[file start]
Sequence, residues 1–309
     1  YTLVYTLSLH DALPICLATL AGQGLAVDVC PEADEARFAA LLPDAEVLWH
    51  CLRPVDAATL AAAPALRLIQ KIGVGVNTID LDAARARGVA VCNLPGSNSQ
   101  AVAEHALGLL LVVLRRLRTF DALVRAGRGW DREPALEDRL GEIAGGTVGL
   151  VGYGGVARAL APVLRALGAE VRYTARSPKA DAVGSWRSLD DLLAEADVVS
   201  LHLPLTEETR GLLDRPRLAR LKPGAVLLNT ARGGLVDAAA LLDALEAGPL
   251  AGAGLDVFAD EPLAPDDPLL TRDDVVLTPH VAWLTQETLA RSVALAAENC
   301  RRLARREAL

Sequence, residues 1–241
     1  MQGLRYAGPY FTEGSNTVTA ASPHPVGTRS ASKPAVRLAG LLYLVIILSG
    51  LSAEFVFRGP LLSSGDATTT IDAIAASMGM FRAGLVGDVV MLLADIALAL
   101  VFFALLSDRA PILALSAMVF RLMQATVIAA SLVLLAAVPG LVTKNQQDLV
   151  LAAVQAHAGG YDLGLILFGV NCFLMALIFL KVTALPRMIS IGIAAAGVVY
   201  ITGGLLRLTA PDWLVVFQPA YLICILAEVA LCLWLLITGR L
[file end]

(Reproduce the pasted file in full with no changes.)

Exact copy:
Sequence, residues 1–309
     1  YTLVYTLSLH DALPICLATL AGQGLAVDVC PEADEARFAA LLPDAEVLWH
    51  CLRPVDAATL AAAPALRLIQ KIGVGVNTID LDAARARGVA VCNLPGSNSQ
   101  AVAEHALGLL LVVLRRLRTF DALVRAGRGW DREPALEDRL GEIAGGTVGL
   151  VGYGGVARAL APVLRALGAE VRYTARSPKA DAVGSWRSLD DLLAEADVVS
   201  LHLPLTEETR GLLDRPRLAR LKPGAVLLNT ARGGLVDAAA LLDALEAGPL
   251  AGAGLDVFAD EPLAPDDPLL TRDDVVLTPH VAWLTQETLA RSVALAAENC
   301  RRLARREAL

Sequence, residues 1–241
     1  MQGLRYAGPY FTEGSNTVTA ASPHPVGTRS ASKPAVRLAG LLYLVIILSG
    51  LSAEFVFRGP LLSSGDATTT IDAIAASMGM FRAGLVGDVV MLLADIALAL
   101  VFFALLSDRA PILALSAMVF RLMQATVIAA SLVLLAAVPG LVTKNQQDLV
   151  LAAVQAHAGG YDLGLILFGV NCFLMALIFL KVTALPRMIS IGIAAAGVVY
   201  ITGGLLRLTA PDWLVVFQPA YLICILAEVA LCLWLLITGR L